We did identify some Japanese aircraft out to sea on occasions, not very often though. I would think in retrospect we had wasted our time. The Japanese did not come in strength. They were never to capture Ceylon and their warships turned away and they went home. Soon we were on the move again.
This time we were to move from one of the warmest spots in Ceylon to one of it’s coldest. But again a wonderful spot. Horton Plains high up about 7000 ft in the central hills of Ceylon. A nature reserve, with no road access, most of the radar station was carried in bits up the last 2000ft or so.
Horton Plains is a plateau, grass, rhododendron tress and wooded areas with wild pig. A lovely trout stream too. But very cold at night with a lot of mist. We built the radar station again but I cannot remember if we ever saw a single aircraft. The siting of the station must have been wrong. You waste a lot of effort in wartime!! One thing about Horton Plains I must tell you. When I was a boy I often used to follow around the cowman on the farm and one of his jobs was to keep the ram working which supplied water to the farm. A ram is a device which pumps water uphill from a dam and works by means of water pressure only. He often repaired the ram but never told me how it really worked. I probably never asked him. How I wished I had, because we had no water where we lived — the ram hadn’t worked for ages. I tried several times to get it to go so that we didn’t have to carry water in pails from the river. Believe it or not if you listen to Open University as I do sometimes you will find out how a ram really works. I found out about 45 year too late.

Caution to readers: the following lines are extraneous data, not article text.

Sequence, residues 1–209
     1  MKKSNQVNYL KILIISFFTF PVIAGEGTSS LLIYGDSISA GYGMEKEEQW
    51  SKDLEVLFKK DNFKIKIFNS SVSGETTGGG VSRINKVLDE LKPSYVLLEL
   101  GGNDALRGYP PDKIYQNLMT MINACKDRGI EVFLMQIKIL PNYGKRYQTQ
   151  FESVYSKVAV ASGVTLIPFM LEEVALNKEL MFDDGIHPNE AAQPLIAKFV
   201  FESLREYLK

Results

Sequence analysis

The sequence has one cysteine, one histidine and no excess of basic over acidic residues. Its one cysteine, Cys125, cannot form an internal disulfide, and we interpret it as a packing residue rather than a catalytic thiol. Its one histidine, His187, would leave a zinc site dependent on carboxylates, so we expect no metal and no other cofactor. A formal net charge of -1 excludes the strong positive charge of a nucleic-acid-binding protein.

Life at Horton Plains was almost a holiday. We went pig hunting, had curries, went on long walks, went down the hills into the tea-plantations. It was so far away from the real war, the battles in the desert, in Burma and the bombing at home in England
We moved again and again. I will not bore you with the detail. To Kandaloya, to Challativi Muni, to Batticoloa and many places you hear in the news of Sri Lanka today. A lovely beautiful country now ruined by terrorist warfare and civil strife.
Then I left the radar stations and to my surprise as a mere corporal in the Air Force I found myself in charge of an airfield! It was only an emergency landing strip but aircraft did land there! I organised all the signals, kept diesels and generators running. Bought all the food, dug a well using explosives to blast the rock, didn’t find any water though. We eventually found water very near the seashore. The local people thought they could share it as well. They had a procession one evening to bless it. At first we thought they were to attack us.